Browsing by Subject "DIAGNOSTIC-TOOL"

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  • Luukkainen, Veera; Kivekäs, Ilkka; Silvola, Juha; Jero, Jussi; Sinkkonen, Saku T. (2018)
    Balloon Eustachian tuboplasty (BET) aims to improve the function of the Eustachian tube (ET). The objective of this study was to review the long-term outcome of BET and present the process and results of outlining indications for BET by the Finnish Otosurgical Society. The literature review is based on a database search performed in May 2017. The search resulted in 100 individual articles, which were screened for relevance. Five articles fulfilled the inclusion criteria (follow-up >= 12 months). Five additional articles (follow-up, 6-11 months) were analyzed to obtain supportive information. The proposed BET indications were constituted in the 2016 annual meeting of the Finnish Otosurgical Society. The workshop included a review of the Eustachian tube physiology, middle ear aeration mechanisms, and BET outcome studies. Thereafter, the members of the Society first voted and then discussed 14 cases in order to conclude whether BET was indicated in each case, and subsequently, a consensus statement on the indications for BET was outlined. The long-term follow-up studies were heterogeneous regarding the Eustachian tube dysfunction (ETD) definition, patient selection, follow-up duration, additional treatments, and outcome measures. The current, but limited, evidence suggests that BET is effective in the long-term. However, more long-term studies with uniform criteria and outcome measures as well as placebo-controlled studies are needed. The proposed indications for BET by the Finnish Otosurgical Society include chronic bothersome symptoms referring to ETD, ETD-related symptoms when pressure changes rapidly, or recurring serous otitis media. With the current evidence, we suggest treating only adults with BET.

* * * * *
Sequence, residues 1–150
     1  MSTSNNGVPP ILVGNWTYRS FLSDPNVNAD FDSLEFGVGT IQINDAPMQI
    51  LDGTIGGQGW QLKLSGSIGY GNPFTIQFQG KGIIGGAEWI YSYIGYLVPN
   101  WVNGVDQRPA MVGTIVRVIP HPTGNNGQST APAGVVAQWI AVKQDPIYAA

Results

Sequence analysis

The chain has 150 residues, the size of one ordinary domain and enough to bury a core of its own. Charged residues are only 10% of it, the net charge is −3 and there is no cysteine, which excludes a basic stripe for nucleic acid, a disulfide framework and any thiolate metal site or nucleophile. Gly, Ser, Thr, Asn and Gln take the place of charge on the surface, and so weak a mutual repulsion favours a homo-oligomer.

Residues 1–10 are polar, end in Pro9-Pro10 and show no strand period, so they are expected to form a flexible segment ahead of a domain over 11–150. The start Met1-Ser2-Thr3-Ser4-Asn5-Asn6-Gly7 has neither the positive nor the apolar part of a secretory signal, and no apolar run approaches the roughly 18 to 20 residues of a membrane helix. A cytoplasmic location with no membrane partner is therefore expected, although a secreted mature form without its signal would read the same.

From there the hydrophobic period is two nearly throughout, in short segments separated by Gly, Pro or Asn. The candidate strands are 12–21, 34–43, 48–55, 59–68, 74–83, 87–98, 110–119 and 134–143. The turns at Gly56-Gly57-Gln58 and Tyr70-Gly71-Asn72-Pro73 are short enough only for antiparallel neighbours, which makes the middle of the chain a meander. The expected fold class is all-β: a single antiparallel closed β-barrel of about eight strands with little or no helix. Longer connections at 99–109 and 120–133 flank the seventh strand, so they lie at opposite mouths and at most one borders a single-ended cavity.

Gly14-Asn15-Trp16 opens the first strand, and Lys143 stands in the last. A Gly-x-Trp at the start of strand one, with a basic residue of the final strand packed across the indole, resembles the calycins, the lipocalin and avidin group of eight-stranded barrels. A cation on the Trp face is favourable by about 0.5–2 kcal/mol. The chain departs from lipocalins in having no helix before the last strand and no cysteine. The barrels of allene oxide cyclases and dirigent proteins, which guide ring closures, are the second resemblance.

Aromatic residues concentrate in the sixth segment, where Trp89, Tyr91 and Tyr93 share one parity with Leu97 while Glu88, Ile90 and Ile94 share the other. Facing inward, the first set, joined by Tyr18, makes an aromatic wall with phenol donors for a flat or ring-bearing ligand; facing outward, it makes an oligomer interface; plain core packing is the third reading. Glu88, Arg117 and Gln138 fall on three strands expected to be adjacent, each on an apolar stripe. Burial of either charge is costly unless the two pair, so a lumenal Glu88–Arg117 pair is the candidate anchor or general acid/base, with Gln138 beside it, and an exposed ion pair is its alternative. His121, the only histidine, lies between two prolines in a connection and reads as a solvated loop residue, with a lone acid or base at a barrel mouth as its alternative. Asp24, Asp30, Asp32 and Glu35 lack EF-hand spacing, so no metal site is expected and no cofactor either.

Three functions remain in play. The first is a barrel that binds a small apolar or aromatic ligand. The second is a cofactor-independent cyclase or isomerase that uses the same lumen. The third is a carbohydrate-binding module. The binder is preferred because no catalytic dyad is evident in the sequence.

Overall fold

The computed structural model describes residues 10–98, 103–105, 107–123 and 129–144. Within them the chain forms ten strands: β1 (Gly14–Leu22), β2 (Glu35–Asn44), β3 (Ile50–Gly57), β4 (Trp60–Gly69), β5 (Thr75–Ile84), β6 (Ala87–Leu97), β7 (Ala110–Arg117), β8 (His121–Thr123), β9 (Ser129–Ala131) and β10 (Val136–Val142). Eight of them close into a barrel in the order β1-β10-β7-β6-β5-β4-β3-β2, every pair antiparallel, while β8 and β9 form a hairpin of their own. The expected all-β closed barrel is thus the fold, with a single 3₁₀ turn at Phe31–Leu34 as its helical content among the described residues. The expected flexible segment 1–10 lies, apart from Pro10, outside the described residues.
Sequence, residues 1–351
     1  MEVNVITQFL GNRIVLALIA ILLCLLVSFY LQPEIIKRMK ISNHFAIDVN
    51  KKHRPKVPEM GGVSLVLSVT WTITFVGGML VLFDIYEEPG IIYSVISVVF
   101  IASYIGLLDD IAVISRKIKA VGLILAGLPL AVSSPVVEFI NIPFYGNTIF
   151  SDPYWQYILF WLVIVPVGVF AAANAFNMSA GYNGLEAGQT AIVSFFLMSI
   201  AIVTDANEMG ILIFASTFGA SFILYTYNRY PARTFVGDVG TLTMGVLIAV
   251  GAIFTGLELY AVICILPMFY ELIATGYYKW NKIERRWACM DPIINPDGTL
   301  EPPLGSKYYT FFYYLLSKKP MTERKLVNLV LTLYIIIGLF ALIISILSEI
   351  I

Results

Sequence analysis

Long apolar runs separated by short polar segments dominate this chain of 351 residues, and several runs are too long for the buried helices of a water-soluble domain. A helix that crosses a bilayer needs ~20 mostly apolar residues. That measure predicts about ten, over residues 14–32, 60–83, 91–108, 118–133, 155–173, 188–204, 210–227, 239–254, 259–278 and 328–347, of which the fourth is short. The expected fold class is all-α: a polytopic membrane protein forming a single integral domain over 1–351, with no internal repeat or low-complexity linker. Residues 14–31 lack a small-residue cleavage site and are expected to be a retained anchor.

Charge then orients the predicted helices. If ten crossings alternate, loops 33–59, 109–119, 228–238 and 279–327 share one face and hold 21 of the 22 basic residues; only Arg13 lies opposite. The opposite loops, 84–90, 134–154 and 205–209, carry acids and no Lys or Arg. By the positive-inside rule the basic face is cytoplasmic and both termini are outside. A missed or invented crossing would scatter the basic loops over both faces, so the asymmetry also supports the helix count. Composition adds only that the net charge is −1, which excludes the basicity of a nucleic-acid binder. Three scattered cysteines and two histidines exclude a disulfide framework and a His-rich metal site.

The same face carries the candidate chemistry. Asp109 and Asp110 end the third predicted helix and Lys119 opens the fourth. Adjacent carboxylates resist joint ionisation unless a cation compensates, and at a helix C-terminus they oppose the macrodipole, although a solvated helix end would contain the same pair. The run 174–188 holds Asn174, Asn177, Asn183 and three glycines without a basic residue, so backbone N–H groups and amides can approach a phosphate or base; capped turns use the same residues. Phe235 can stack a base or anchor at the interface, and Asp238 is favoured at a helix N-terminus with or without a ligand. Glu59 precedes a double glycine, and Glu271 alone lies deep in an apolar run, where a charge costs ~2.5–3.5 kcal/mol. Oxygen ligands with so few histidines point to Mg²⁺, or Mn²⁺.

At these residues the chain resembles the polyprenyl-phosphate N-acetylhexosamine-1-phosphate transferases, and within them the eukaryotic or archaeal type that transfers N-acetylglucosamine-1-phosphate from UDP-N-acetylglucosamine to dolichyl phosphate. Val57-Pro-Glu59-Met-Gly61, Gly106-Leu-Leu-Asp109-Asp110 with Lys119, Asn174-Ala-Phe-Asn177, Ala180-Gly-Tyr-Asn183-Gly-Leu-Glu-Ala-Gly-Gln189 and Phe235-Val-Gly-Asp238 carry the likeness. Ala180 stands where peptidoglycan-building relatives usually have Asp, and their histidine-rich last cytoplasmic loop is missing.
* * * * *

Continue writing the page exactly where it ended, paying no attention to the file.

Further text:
• Luukkainen, Veera; Vnencak, Matej; Aarnisalo, Antti A.; Jero, Jussi; Sinkkonen, Saku T. (2018)
    Object: To investigate the long-term effects of balloon Eustachian tuboplasty (BET) from patient's perspective and to discover which symptoms of Eustachian tube dysfunction (ETD) benefit the most from BET. Method: We designed a retrospective postal questionnaire based on the seven-item ETD questionnaire (ETDQ-7). Our questionnaire covered the severity of present ETD symptoms in comparison with the preoperative situation, the severity of current overall ear symptoms, and possible surgical interventions after BET. Forty-six patients treated in our institution between 2011 and 2013 fulfilled the inclusion criteria and 74% (34 patients; total 52 ears treated with BET) returned the questionnaire with a mean follow-up time of 3.1 years (range 1.8-4.6 years). Results: Pain in the ears, feeling of pressure in the ears, and feeling that ears are clogged had reduced in 75% of the ears that suffered from these symptoms preoperatively. Seventy-seven percent of all the responders felt that their overall ear symptoms were reduced. Altogether, 82% of all the patients stated that they would undergo BET again if their ear symptoms returned to the preoperative level. Conclusion: Patient satisfaction in the long-term effects of BET is encouraging. These results may help clinicians in preoperative patient selection and counselling.
  • Wiklund, E.; Koskinen, Seppo Kalervo; Linder, F.; Aslund, P-E; Eklof, H. (2016)
    Background: Whole body computed tomography in trauma (WBCTT) is a standardized CT examination of trauma patients. It has a relatively high radiation dose. Therefore, well-defined clinical indications and imaging protocols are needed. This information regarding Nordic countries is limited. Purpose: To identify Nordic countries' WBCTT imaging protocols, radiation dose, and integration in trauma care, and to inquire about the need for common Nordic guidelines. Material and Methods: A survey with 23 multiple choice questions or free text responses was sent to 95 hospitals and 10 trauma centers in and outside the Nordic region, respectively. The questions were defined and the hospitals selected in collaboration with board members of "Nordic Forum for Trauma and Emergency Radiology" (www.nordictraumarad.com). Results: Two Nordic hospitals declined to take part in the survey. Out of the remaining 93 Nordic hospitals, 56 completed the questionnaire. Arterial visualization is routine in major trauma centers but only in 50% of the Nordic hospitals. The CT scanner is located within 50 m of the emergency department in all non-Nordic trauma centers but only in 60% of Nordic hospitals. Radiation dose for WBCTT is in the range of 900-3600 mGy x cm. Of the 56 responding Nordic hospitals, 84% have official guidelines for WBCTT. Eighty-nine percent of the responders state there is a need for common guidelines. Conclusion: Scanning protocols, radiation doses, and routines differ significantly between hospitals and trauma centers. Guideline for WBCTT is presently defined locally in most Nordic hospitals. There is an interest in most Nordic hospitals to endorse new and common guidelines for WBCTT.